Dogs and Cats Are Friends, Not Food

The words in the title are those of a campaign organised and managed by youngsters in Ho Chi Minh City, Vietnam, whose objectives are to change the awareness of Vietnamese people to the fact that eating cat and dog meat is unacceptable in the 21st century. In is nice to report that change is taking place in Vietnam where cat and dog meat is still eaten.

Nguyen Hong Nhan, a member of the organising board of this campaign said:

We want to build a community where love for animals is spread widely and which helps young people to change their perceptions and actions.

Cat on leash in Vietnam
Cat on leash in Vietnam. The cat looks unhappy and overweight. Perhaps the person on the other end of the leash is fattening up his cat for his dinner. Picture in the public domain in my view.
Until September 7th I will give 10 cents to an animal charity for every comment. It is a way to help animal welfare without much effort at no cost. Comments help this website too, which is about animal welfare.

It appears that the attitudes of Vietnamese in Vietnam to eating cat and dog meat is changing with the younger generation. Fortunately some people in the older generation who have spent a lifetime eating cat and dog meat are also changing their habits. This time it is not a voluntary action on their behalf but the coronavirus pandemic which has forced a change. Although I am hopeful, we have to be at best cautiously optimistic because these cultural attitudes are hard to shift.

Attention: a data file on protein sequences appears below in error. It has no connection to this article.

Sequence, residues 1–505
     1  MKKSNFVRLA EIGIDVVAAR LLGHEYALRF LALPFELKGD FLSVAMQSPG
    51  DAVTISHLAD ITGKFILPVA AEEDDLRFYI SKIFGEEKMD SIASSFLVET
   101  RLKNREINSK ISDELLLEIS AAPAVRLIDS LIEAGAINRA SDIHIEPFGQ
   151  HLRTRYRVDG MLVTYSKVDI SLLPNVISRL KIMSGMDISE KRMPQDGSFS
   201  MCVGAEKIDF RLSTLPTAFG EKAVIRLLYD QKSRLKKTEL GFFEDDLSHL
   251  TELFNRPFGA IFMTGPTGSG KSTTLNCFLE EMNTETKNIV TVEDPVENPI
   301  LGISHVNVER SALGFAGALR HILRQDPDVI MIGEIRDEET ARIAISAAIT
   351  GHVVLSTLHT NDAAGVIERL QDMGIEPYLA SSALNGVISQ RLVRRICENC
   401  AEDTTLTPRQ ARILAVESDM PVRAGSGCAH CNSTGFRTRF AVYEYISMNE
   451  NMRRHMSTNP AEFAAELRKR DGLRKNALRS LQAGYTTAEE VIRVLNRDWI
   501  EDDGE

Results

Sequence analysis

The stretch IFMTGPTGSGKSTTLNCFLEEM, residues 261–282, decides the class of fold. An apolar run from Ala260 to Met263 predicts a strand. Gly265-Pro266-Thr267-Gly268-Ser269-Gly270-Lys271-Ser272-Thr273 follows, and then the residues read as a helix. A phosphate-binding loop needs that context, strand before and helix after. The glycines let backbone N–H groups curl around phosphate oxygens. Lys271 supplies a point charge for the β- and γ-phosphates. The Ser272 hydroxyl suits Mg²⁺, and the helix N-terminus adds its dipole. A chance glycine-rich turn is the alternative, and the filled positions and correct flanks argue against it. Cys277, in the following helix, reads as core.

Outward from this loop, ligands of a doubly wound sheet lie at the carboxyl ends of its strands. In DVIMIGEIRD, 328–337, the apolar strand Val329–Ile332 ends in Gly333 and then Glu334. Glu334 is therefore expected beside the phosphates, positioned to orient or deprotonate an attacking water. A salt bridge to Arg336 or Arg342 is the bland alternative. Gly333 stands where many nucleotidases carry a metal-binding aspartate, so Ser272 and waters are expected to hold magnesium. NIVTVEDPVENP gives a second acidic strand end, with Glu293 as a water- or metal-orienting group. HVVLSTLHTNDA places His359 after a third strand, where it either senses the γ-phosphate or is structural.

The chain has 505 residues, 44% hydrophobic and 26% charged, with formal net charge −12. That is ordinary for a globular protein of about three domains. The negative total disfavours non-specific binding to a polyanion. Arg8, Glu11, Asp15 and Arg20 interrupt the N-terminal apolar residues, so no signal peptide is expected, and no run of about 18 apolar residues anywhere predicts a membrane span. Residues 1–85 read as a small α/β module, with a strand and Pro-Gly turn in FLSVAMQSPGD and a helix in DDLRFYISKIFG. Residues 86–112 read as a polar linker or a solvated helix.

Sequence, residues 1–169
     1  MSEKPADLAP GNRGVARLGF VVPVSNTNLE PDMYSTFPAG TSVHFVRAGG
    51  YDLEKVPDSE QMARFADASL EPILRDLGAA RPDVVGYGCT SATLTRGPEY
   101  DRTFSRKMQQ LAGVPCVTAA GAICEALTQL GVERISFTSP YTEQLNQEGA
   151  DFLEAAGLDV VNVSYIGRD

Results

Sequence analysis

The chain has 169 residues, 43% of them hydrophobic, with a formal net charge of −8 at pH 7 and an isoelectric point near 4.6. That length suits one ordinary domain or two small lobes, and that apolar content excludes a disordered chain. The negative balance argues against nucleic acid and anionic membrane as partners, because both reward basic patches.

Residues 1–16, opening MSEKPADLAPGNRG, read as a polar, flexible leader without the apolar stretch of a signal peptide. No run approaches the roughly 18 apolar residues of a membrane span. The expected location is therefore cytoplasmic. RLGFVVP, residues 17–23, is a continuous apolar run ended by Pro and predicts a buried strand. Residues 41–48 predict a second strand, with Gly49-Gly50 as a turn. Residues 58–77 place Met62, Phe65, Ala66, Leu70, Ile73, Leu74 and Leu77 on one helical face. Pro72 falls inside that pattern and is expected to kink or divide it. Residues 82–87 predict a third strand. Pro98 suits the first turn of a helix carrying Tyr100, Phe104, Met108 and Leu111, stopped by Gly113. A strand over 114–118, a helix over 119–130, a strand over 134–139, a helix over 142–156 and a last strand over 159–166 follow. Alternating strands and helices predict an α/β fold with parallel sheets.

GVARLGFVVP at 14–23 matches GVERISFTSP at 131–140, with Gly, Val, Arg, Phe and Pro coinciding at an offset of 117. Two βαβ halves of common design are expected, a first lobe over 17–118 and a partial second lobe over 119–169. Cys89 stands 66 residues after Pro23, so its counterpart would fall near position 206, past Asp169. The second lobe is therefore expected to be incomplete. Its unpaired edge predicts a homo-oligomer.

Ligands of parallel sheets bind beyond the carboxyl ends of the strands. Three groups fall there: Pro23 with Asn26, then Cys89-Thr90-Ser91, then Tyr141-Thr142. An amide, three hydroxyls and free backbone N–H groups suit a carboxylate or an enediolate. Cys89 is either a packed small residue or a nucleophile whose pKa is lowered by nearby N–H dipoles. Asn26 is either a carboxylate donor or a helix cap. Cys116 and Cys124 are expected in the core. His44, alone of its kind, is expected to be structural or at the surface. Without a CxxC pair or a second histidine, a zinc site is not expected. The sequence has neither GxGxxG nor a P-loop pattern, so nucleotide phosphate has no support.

Some vendors of dog and cat in Ho Chi Minh City are finding that their sales have dropped significantly compared to the period before Covid-19. One example is Nguyen Cuong who lives in a hamlet called “kingdom of dog meat” (Nhat Tan hamlet). He had a habit of eating dog meat once a week with his friends but a few months ago he told them that he would give up his lifelong habit because, like many others, he was afraid that he would get the Covid-19 virus from eating it.

I was afraid when the Vietnamese news said that dog meat might be carrying diseases, just when we were going through the coronavirus outbreak. Therefore, I believe it’s time to stop eating the meat.

You see, there are some silver linings in the coronavirus crisis. Clearly a lot of the discussion about wet markets in China and the killing of wild animals at these markets, which allows viruses in wild animals to transmit to humans, has fed back into Vietnam and the Vietnamese news service. It takes that kind of shock to make fundamental changes to long-standing cultures.

Another campaign against eating cat and dog meat began in 2015 in Vietnam. It is called the “Ve di Vang oi” (Come home, Vang) campaign. It is supported by celebrities. It was launched by the Asia Canine Protection Alliance. The aim is to attract 1 million signatures and to promote compassion towards dogs and to end their consumption.

It’s reported that the consumption of cat and dog meat is declining in Vietnam and I hope that this is indeed the case. It appears that culture is fading with the elderly and the new generation of youngsters will bring with them the culture that cats and dogs are companion animals and not livestock which will see the end of this unpleasant cultural habit which is out of step with modern life.

As recently as 2015, The Daily Mail reported a boom in cat meat with pets being snatched off streets and sold to restaurants for £52. You wander whether the good news is genuine. Perhaps the coronavirus has kicked off a permanent change.

Some people will criticise me for having the temerity to “interfere in the affairs of a foreign country”. Well, I say the world is one. Globalisation is here to stay and we have a universal and international right to comment and campaign on these pressing matters of animal cruetly. Cat meat is the end product of cat cruelty.

My thanks to Elke Schwierz (German) writing on the Vietnamese Investment Review website which is the source of this article.

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